Tech, financials lead Wall Street 1% higher
Technology and financial shares led Wall Street's three main indexes more than 1 percent higher on Monday, attempting a recovery from their worst week in two years.
Nine of the 11 major S&P sectors were higher, with only the interest-rate sensitive utilities and real estate indexes in the red. All 30 components of the Dow Jones Industrial Average were higher.
By 9:34 a.m. ET (1434 GMT), the Dow was up 318.9 points, or 1.32 percent, at 24,509.8 and the S&P 500 was up 32.19 points, or 1.23 percent, at 2,651.74. The Nasdaq Composite was up 79.17 points, or 1.15 percent, at 6,953.66.
"While today's bounce suggests a short-term oversold market condition is attracting buyers, one more final push to the downside is on the horizon as a 3-percent 10-year Treasury yield is still not fully discounted," Peter Cardillo, chief market economist at First Standard Financial in New York, wrote in a note.
The three indexes closed up about 1.5 percent on Friday, but the benchmark S&P still ended the week nearly 9 percent below its all-time high on Jan. 26 as investors fretted that the specter of rising inflation would warrant increasing interest rates at a faster-than-expected pace.
U.S. 10-year Treasury yields hit a new four-year high of 2.902 earlier Monday, but are currently near their session-low at 2.8603 percent.
Equities for years have looked relatively attractive compared to the low yields offered by bonds, but the rise in Treasury yields has diminished the allure of stocks, especially with stock valuations at historically expensive levels.
A narrowing spread between bond yields and companies' earnings yields – currently at 5.4 percent for the S&P 500 index – prompts asset allocation changes between equities and fixed income.
That, along with a reversal of bets on low volatility drew the three major U.S. indexes to correction territory last week, measured by a 10 percent decline from their record highs.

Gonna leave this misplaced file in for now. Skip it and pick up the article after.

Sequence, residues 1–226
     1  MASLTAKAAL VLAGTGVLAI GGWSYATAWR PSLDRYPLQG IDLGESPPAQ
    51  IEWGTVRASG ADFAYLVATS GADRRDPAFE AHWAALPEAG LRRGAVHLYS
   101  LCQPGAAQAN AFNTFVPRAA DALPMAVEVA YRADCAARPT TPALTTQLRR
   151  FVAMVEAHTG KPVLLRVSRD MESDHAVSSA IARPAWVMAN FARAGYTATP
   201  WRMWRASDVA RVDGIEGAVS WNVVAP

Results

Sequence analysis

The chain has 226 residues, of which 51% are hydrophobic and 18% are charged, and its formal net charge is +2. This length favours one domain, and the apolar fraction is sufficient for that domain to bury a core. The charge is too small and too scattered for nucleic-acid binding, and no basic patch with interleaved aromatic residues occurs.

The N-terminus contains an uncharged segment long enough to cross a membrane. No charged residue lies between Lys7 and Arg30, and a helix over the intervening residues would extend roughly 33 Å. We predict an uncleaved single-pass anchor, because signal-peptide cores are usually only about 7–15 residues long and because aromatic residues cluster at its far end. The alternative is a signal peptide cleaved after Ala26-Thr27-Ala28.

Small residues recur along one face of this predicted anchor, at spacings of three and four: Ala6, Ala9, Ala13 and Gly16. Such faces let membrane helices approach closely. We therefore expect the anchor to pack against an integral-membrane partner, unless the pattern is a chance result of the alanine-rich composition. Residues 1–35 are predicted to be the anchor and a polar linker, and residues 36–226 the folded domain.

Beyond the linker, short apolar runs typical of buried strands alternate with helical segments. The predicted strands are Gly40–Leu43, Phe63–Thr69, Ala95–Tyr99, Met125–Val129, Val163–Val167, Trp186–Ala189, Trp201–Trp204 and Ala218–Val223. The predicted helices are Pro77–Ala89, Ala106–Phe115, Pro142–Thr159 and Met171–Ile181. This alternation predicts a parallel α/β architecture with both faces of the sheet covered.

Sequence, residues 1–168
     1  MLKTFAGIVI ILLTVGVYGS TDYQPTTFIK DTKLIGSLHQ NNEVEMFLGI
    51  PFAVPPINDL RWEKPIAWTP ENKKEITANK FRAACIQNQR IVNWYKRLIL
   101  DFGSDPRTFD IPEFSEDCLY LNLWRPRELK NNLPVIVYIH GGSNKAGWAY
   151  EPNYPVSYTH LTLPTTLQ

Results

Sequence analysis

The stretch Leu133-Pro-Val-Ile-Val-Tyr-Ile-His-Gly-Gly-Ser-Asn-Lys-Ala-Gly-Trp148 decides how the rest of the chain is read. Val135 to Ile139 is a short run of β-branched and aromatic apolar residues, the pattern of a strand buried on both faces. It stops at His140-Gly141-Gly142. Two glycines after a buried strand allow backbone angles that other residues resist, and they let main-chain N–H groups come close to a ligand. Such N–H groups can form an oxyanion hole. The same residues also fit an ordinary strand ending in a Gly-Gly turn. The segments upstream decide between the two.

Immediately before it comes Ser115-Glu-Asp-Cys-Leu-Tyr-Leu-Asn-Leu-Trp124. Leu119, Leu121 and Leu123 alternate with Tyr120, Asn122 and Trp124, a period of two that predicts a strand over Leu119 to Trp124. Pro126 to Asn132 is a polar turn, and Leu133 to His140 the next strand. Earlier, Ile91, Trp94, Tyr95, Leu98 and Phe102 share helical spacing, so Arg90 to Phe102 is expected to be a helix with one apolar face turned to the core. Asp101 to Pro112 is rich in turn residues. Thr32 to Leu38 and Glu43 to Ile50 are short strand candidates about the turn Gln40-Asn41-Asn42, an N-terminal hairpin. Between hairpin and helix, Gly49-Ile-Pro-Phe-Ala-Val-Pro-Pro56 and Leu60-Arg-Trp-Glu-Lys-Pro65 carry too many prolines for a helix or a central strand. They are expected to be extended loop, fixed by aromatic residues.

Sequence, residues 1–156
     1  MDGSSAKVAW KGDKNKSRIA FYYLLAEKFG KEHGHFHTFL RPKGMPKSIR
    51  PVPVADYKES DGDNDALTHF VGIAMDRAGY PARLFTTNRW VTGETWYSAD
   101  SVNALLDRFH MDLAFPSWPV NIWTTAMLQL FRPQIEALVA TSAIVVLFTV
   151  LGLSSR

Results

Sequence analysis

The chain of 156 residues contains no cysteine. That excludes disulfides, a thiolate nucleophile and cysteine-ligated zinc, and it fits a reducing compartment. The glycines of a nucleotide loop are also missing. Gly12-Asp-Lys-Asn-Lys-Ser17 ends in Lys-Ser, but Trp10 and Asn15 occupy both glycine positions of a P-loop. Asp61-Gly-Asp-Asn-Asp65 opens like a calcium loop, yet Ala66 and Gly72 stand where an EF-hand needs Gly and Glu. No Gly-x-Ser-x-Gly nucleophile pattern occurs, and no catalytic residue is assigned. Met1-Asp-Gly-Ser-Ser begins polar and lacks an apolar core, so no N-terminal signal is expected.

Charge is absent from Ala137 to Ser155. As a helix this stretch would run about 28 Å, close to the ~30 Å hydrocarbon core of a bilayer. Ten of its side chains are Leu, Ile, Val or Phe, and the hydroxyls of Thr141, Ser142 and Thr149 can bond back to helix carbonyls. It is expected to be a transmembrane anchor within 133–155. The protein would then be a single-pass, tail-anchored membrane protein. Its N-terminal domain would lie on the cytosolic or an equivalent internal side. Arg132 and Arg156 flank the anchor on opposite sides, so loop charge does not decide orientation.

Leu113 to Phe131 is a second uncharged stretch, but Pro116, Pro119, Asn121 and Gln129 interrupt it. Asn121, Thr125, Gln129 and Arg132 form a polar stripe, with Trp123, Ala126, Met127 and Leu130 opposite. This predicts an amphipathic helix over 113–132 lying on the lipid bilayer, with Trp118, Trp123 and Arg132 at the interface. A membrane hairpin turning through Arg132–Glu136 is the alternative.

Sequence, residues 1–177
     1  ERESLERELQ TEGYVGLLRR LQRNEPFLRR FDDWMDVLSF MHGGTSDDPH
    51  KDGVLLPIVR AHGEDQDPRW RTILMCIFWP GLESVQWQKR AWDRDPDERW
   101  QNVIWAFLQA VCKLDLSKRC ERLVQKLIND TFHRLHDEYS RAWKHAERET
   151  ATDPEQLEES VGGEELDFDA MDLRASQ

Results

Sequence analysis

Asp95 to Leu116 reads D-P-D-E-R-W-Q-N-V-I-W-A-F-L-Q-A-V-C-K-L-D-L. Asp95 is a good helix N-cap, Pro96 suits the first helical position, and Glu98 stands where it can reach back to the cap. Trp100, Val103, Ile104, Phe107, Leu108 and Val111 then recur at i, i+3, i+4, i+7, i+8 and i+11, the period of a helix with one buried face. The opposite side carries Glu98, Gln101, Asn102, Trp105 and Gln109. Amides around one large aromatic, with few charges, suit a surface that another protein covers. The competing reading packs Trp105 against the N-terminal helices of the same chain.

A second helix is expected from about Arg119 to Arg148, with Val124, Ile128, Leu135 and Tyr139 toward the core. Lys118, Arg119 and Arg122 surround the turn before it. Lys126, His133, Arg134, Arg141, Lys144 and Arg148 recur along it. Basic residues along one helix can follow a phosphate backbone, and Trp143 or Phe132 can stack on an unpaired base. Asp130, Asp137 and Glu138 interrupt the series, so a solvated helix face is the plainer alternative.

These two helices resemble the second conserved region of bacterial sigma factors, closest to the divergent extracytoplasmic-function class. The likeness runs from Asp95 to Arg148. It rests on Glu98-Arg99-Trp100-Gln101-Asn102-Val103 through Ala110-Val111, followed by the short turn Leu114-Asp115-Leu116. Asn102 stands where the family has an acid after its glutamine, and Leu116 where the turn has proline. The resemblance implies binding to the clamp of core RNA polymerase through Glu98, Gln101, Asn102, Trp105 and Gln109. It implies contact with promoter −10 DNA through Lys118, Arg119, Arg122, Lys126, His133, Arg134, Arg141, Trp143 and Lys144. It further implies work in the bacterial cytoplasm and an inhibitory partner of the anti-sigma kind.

Wall Street's fear gauge, VIX, short for the CBOE Volatility index was last at 27.63 on Monday, more than double its 50-day moving average but trading in a narrow 2-point range.
President Donald Trump will unveil his second budget later in the afternoon. The plan includes $200 billion for infrastructure spending and more than $23 billion for border security and immigration enforcement.
The infrastructure and tax plans have been the key drivers of the so-called Trump rally – the U.S. market's relentless rise since Trump's election in 2016.
The materials and the industrials were both up more than 1 percent. The top S&P sector gainer, however, was energy, which jumped 1.87 percent as oil prices rose nearly 2 percent.
Among stocks, General Dynamics fell 0.5 percent after the U.S. defense contractor said it would buy smaller rival CSRA for about $6.8 billion. CSRA soared 32 percent.
Cisco was up 2.7 percent and American Express gained 1.5 percent after Instinet upgraded the two Dow components to "buy".
Advancing issues outnumbered decliners on the NYSE by 2,076 to 538. On the Nasdaq, 1,894 issues rose and 562 fell.